Daniel Richmond Edwards (April 9, 1897 – October 21, 1967) was an American soldier serving in the United States Army during World War I who received the Medal of Honor for bravery.Biography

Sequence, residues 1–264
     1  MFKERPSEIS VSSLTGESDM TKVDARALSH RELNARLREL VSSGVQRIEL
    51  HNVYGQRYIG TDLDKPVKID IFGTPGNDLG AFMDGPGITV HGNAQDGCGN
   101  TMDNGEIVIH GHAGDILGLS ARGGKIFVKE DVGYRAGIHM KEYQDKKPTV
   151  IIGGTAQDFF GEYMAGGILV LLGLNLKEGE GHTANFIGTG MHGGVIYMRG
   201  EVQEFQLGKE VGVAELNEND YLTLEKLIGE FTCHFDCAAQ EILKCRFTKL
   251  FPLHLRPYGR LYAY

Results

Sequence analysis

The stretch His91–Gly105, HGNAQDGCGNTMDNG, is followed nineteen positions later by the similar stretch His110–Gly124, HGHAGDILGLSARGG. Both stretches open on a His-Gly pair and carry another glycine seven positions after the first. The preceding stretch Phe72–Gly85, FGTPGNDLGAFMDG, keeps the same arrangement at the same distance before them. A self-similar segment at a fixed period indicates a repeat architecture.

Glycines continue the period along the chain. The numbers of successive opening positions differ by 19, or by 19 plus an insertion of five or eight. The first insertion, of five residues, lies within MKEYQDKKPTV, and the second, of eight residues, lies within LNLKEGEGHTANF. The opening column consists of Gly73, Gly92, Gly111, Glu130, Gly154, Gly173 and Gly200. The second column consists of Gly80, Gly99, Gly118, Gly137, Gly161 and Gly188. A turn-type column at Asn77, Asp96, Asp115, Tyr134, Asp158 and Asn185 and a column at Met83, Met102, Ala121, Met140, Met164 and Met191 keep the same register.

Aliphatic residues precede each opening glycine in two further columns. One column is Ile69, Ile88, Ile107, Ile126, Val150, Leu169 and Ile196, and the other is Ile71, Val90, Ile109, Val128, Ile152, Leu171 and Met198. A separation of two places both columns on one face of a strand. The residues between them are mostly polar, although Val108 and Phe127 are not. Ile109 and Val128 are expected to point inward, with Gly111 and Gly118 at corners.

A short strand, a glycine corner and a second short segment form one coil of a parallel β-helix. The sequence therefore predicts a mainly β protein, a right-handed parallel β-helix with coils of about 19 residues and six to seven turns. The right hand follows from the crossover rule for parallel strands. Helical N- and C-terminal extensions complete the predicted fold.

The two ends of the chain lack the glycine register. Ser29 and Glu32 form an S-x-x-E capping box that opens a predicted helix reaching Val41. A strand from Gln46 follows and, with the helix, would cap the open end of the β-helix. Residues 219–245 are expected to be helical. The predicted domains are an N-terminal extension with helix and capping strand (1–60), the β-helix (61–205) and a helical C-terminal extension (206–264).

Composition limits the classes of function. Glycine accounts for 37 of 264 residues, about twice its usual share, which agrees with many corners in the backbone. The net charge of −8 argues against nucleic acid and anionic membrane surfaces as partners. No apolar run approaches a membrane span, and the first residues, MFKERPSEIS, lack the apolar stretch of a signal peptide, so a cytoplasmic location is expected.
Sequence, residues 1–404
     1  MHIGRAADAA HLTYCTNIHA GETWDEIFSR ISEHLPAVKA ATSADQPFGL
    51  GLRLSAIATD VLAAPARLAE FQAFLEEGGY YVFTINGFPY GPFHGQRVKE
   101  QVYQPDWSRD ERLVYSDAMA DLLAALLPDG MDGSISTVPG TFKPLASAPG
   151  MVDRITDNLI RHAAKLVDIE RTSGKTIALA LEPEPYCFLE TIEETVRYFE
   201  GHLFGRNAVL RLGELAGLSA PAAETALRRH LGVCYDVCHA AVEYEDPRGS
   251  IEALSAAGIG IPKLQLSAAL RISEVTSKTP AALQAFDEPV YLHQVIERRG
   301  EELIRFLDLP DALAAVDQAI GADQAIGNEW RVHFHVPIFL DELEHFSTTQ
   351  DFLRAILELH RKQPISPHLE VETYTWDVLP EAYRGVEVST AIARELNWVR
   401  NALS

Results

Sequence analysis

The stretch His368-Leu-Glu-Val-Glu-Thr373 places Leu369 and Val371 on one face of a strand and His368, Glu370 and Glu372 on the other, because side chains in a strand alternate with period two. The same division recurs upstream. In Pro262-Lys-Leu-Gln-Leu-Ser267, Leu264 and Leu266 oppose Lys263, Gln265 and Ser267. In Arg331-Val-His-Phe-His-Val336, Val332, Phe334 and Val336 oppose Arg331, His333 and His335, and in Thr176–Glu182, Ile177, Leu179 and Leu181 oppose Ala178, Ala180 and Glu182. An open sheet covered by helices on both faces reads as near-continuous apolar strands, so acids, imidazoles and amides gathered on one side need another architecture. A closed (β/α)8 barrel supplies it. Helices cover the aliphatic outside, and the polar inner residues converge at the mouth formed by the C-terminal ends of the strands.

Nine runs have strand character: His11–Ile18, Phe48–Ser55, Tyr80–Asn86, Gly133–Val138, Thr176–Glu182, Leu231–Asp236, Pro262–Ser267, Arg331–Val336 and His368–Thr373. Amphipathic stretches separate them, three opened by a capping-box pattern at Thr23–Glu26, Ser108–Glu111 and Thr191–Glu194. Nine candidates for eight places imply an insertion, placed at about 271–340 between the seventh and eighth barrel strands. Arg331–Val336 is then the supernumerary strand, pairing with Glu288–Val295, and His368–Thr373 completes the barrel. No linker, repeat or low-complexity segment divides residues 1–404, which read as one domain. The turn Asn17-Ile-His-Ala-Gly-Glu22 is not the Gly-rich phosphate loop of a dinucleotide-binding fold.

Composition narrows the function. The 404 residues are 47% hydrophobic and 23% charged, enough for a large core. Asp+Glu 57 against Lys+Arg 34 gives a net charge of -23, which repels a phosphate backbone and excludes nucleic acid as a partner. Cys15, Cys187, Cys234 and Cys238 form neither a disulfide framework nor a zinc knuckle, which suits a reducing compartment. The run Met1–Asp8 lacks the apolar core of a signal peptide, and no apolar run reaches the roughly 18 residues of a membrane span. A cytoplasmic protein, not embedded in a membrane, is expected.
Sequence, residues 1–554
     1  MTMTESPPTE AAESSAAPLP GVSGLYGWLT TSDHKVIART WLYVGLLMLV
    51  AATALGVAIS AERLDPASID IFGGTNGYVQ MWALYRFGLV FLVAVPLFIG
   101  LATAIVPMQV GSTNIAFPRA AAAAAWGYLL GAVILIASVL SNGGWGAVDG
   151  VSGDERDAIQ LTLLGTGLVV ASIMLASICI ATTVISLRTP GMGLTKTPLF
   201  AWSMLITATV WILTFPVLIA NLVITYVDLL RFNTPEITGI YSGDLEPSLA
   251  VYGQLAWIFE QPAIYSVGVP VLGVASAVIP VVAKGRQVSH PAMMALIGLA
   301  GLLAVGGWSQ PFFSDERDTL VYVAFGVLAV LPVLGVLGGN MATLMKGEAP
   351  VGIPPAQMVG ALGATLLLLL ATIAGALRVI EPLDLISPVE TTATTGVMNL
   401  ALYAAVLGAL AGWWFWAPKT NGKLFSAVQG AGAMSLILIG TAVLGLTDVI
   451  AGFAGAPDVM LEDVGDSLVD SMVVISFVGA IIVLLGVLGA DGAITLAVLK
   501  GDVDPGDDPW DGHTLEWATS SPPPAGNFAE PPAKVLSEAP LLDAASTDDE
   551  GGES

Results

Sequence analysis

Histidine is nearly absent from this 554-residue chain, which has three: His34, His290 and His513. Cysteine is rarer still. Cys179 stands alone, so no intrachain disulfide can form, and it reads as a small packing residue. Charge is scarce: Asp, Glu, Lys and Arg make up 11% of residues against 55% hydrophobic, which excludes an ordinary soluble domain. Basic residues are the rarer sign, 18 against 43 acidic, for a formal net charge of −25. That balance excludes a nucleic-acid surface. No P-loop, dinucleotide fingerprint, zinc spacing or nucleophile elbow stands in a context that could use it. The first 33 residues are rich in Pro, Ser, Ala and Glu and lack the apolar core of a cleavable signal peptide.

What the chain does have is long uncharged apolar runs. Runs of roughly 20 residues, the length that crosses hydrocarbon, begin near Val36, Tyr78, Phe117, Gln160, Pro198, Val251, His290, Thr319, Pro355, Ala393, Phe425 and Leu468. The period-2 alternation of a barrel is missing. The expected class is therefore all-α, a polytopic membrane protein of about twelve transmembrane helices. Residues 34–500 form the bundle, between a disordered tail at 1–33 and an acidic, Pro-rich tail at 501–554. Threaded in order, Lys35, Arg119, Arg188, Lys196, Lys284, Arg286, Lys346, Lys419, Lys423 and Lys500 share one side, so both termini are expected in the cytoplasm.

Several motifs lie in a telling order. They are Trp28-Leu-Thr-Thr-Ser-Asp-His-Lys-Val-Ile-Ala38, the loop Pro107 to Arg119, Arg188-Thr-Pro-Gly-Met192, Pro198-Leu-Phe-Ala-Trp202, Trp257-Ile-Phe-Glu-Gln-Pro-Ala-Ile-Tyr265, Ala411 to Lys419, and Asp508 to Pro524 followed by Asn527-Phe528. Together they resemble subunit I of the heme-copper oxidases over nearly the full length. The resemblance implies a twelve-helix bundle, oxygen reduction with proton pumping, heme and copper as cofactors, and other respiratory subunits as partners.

Edwards was born April 9, 1897, in Mooreville, Texas and graduated from the Columbia University School of Journalism. He enlisted in the United States Army in April 1917, on the day the United States entered World War I. He was sent to France as a member of the U.S. 1st Infantry Division, where he performed the actions that earned him the Medal of Honor, the Distinguished Service Cross and the Silver Star. Along with Samuel I. Parker, Edwards is considered one of the two most-decorated U.S. infantrymen by American awards; Samuel Woodfill has more counting French awards.He married and lived in the Bronx after the war where he was a member of the Come-Back Club, an organization for disabled and returning veterans. He also worked for Warren G. Harding's presidential election campaign
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